One of the pillars upon which automotive leasing rests, residual value is a key determining factor of your monthly lease payments. It can also be the mechanism by which you can profit at the end of your lease.
While the industry is good at predicting these values, there are times when it gets them wrong. Market fluctuations as well as unanticipated popularity of a new model can make a car worth more than its residual amount.
When this happens, there’s money in it for you.
Here’s how to go about getting the equity out of your leased car.
How to Determine If You Have Equity
Checking the value of your car as a used model will very quickly establish whether you should turn it in and walk away — or hold on until you get your cash. If the value of the car is lower than the residual amount, just let it go. If it’s higher, you’re in business.
Sites such as KBB.com, Edmunds.com and NADA.com have used car valuation calculators you can use to determine the fair market value of your car. If you still have some time left on your contract, get in touch with the leasing company to find out how much it’d cost to buy out the lease. With that number in hand, you can easily see if trying to wring the equity out of it would be worth your while. It’s important to understand this when you’re learning how to lease a car.
Extracting the Equity
Sell It and Keep the Difference
You are perfectly within your rights to sell your leased car — as long as you have permission to do so from the leasing company. You have a couple of choices in this regard. Any dealer can accept the turn-in of a leased car. Treated as a used car purchase, they will pay off the leasing company and you can request a check be cut for you.
However, you’ll sacrifice quite a bit of money going that route. Remember, dealers buy at wholesale and sell at retail. This means they will offer you considerably less for the car than you could get on your own. You’re perfectly OK selling the car on your own, paying off the leasing company and keeping the difference.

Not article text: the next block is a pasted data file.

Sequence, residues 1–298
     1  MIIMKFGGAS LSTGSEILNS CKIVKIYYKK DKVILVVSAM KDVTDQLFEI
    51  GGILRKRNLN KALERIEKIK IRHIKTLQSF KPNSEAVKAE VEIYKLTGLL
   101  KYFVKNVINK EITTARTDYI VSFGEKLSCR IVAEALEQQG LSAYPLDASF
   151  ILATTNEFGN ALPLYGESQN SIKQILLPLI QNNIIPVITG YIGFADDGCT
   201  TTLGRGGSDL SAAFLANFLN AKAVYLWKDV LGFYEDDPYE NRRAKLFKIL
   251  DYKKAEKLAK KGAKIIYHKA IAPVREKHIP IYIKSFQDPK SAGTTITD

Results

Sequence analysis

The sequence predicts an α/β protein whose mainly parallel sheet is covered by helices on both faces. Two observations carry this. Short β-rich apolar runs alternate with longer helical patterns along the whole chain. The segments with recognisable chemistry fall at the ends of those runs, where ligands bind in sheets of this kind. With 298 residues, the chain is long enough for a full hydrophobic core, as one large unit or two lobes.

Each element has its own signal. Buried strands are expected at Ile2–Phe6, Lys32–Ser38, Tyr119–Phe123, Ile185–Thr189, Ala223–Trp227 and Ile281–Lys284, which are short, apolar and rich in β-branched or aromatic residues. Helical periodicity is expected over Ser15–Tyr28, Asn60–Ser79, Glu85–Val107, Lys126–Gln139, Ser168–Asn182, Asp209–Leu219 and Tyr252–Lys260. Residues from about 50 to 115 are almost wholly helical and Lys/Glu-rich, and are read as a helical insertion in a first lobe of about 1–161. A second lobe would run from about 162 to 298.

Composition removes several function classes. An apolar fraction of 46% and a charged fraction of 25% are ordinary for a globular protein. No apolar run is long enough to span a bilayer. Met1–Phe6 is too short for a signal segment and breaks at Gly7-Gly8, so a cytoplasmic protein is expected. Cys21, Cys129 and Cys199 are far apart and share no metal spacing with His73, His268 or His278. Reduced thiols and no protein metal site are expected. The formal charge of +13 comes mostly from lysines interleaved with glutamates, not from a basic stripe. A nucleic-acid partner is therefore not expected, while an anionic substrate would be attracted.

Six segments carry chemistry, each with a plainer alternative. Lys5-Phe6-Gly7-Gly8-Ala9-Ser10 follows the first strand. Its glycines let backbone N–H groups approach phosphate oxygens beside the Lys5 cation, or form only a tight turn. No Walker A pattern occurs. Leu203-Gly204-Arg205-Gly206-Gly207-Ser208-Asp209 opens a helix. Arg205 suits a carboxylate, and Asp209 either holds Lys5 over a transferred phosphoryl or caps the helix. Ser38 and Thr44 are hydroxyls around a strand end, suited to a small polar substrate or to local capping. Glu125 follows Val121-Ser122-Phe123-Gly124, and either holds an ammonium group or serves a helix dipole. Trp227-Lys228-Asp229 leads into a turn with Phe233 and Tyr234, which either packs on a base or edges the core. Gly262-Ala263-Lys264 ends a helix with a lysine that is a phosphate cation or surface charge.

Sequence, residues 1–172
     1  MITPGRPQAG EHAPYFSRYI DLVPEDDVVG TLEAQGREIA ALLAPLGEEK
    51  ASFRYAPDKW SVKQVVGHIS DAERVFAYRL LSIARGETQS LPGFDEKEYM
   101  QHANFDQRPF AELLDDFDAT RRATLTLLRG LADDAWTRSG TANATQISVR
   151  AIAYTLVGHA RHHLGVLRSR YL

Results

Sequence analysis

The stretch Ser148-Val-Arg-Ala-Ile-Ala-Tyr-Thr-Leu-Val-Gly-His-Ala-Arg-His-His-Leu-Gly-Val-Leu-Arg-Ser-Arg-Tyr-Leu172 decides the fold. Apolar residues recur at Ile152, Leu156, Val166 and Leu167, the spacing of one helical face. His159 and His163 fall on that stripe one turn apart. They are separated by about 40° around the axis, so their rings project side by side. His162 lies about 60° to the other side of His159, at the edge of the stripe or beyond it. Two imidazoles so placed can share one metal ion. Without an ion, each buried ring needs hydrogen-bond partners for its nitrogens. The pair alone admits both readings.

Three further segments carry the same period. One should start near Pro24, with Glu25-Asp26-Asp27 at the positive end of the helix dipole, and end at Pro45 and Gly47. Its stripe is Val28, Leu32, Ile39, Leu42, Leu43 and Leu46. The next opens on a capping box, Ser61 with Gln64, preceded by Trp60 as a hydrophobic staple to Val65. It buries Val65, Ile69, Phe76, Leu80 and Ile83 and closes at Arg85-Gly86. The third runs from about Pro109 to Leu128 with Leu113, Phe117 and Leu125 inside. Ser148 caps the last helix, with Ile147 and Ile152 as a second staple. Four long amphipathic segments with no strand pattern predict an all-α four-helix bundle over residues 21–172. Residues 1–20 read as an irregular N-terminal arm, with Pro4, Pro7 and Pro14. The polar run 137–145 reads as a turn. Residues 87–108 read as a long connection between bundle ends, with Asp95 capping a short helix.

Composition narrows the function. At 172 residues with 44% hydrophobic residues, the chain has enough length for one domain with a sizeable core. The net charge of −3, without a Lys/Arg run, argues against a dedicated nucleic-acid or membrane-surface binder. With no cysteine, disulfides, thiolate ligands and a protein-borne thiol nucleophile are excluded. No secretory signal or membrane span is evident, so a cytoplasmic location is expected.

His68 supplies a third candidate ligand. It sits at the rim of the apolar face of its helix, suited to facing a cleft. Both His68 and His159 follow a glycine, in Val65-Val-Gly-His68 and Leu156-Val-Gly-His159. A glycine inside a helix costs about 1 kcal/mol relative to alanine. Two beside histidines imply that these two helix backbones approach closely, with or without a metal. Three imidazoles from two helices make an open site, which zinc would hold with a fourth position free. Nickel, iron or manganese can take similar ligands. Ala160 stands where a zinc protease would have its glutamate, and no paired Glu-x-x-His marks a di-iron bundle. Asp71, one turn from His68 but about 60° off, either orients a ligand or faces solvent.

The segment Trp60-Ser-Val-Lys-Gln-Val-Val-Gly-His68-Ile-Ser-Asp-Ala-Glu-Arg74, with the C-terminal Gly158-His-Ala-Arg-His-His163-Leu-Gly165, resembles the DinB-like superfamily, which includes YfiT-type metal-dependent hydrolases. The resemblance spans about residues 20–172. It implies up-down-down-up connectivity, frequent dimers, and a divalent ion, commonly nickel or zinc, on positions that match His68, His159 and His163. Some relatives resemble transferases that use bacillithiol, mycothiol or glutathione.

Use It as a Trade-in
Rather than selling the car outright, you can use the equity as a down payment on your next car. Keep in mind though, you’re back to the wholesale vs retail scenario. However, a dealership might be willing to be a bit more forgiving if it means selling you a car off their lot.
This can be an especially effective approach if you’re staying within brand. Dealers often have a number of incentives from manufacturers they can afford buyers who are trading like for like. Loyalty tends to pay dividends.
Still though, you have to do your homework to ensure you get the maximum benefit from each dollar at your disposal. You also want to be careful to ensure they don’t roll any additional costs into your next transaction — while making it appear as if they’re giving you an allowance for the value of your lease turn-in. Get an exact quote from the dealer on the amount of equity you have and be certain that number is reflected in your sales or lease contract.
Getting the equity out of your leased car typically involves selling it in some way — as opposed to just turning it in and letting the leasing company keep the money. That cash is yours; they agreed to it when they drafted the leasing agreement. So take some time to see what your leased car is worth before you return it.
You might be pleasantly surprised.